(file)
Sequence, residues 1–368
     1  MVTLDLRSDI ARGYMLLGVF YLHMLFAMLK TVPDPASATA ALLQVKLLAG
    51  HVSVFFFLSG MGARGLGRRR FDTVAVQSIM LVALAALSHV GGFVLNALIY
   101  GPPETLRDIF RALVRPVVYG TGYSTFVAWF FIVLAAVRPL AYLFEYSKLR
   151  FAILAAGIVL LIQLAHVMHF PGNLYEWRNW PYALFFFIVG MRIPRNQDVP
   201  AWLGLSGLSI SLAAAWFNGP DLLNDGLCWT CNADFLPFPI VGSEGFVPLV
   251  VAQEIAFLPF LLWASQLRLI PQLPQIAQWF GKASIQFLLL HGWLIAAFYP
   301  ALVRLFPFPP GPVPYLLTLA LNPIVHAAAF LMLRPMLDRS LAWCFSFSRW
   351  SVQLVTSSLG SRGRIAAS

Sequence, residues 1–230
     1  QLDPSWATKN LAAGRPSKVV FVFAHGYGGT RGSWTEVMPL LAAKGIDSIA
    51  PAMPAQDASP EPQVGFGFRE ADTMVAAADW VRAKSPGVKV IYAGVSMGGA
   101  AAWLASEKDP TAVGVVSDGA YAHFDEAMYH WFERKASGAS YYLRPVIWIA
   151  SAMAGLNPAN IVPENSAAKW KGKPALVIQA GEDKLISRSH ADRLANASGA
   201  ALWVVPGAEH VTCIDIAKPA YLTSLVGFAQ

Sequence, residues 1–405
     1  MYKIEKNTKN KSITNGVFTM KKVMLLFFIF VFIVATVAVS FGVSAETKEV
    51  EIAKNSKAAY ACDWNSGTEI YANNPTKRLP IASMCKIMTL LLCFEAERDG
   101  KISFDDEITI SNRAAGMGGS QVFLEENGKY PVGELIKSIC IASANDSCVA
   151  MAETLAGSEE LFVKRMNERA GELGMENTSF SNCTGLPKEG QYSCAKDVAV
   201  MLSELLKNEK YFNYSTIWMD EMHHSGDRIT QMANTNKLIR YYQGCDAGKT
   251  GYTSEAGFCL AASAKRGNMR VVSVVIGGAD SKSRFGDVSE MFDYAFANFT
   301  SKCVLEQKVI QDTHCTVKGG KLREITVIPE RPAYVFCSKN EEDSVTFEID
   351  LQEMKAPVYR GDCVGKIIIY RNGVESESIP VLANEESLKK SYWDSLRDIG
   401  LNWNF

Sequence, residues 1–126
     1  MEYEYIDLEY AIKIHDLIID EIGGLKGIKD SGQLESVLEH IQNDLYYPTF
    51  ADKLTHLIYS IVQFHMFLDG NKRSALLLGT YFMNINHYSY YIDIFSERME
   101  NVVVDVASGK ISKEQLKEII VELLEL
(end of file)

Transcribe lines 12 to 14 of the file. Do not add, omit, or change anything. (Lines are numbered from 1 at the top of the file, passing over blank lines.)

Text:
    51  PAMPAQDASP EPQVGFGFRE ADTMVAAADW VRAKSPGVKV IYAGVSMGGA
   101  AAWLASEKDP TAVGVVSDGA YAHFDEAMYH WFERKASGAS YYLRPVIWIA
   151  SAMAGLNPAN IVPENSAAKW KGKPALVIQA GEDKLISRSH ADRLANASGA